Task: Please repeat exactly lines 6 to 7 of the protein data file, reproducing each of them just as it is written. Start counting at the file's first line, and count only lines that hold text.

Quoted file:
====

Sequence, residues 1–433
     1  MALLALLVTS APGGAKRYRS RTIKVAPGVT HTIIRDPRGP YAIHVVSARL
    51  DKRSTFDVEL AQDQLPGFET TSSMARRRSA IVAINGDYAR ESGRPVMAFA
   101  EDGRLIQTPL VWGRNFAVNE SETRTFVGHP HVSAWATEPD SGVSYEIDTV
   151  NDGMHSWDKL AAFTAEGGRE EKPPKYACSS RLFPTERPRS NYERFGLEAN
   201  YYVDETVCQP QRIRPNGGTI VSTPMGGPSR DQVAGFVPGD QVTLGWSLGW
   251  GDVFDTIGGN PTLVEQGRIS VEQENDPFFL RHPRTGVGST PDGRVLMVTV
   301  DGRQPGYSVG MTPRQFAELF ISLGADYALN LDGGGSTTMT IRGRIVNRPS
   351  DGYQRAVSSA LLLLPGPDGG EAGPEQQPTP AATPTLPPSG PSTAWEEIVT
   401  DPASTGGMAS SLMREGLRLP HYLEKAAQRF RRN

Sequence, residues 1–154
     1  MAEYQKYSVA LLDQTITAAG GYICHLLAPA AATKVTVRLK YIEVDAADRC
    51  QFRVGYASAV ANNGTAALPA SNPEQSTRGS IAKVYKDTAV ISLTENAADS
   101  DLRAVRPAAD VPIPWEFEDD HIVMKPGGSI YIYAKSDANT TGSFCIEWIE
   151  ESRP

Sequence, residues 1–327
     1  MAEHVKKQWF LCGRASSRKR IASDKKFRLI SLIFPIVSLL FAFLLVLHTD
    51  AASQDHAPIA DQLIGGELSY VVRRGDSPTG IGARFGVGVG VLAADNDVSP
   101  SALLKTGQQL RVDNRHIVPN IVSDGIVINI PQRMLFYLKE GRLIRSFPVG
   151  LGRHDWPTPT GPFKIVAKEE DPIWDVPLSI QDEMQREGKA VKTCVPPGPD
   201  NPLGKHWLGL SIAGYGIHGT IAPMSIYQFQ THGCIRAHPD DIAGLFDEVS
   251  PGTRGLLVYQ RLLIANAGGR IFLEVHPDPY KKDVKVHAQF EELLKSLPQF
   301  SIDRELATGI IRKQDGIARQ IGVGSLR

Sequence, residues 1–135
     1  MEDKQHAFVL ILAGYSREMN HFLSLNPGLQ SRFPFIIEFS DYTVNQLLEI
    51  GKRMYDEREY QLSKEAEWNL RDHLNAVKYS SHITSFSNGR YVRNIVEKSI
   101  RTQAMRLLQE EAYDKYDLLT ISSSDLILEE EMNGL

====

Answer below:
   201  YYVDETVCQP QRIRPNGGTI VSTPMGGPSR DQVAGFVPGD QVTLGWSLGW
   251  GDVFDTIGGN PTLVEQGRIS VEQENDPFFL RHPRTGVGST PDGRVLMVTV